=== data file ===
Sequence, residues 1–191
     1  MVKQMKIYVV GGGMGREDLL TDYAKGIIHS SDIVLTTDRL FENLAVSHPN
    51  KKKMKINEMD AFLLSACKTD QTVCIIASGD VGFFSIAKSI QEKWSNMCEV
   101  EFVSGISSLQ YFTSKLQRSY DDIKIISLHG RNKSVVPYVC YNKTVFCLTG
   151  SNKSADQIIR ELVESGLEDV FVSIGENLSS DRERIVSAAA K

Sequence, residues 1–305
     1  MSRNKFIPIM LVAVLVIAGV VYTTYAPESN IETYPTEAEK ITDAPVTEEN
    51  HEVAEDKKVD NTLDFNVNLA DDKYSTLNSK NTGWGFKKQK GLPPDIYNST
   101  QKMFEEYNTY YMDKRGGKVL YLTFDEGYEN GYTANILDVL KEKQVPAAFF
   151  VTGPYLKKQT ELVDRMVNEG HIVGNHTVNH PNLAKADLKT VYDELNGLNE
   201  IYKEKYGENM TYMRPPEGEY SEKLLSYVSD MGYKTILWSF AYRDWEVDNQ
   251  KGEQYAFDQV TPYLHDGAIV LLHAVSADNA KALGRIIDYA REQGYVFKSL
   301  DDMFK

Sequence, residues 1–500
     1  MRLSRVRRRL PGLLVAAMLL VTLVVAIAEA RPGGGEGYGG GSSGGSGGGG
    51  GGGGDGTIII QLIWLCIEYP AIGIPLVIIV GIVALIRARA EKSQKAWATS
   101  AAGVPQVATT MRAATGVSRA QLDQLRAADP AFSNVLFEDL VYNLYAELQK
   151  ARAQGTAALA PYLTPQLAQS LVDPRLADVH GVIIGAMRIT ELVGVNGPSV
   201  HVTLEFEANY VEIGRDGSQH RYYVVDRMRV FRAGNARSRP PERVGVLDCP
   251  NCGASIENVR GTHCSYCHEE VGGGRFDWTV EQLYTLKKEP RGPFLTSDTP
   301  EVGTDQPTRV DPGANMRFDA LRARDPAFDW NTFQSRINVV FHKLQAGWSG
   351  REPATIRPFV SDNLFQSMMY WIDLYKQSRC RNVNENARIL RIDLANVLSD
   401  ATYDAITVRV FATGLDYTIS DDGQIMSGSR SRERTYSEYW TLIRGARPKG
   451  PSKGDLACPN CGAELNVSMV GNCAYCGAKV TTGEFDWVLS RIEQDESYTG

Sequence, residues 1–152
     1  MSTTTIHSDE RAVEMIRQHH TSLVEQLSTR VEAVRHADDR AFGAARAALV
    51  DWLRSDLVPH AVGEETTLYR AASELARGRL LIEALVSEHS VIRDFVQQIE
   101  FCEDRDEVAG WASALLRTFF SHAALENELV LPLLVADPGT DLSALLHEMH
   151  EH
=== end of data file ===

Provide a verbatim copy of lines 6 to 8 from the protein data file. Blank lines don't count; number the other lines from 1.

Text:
Sequence, residues 1–305
     1  MSRNKFIPIM LVAVLVIAGV VYTTYAPESN IETYPTEAEK ITDAPVTEEN
    51  HEVAEDKKVD NTLDFNVNLA DDKYSTLNSK NTGWGFKKQK GLPPDIYNST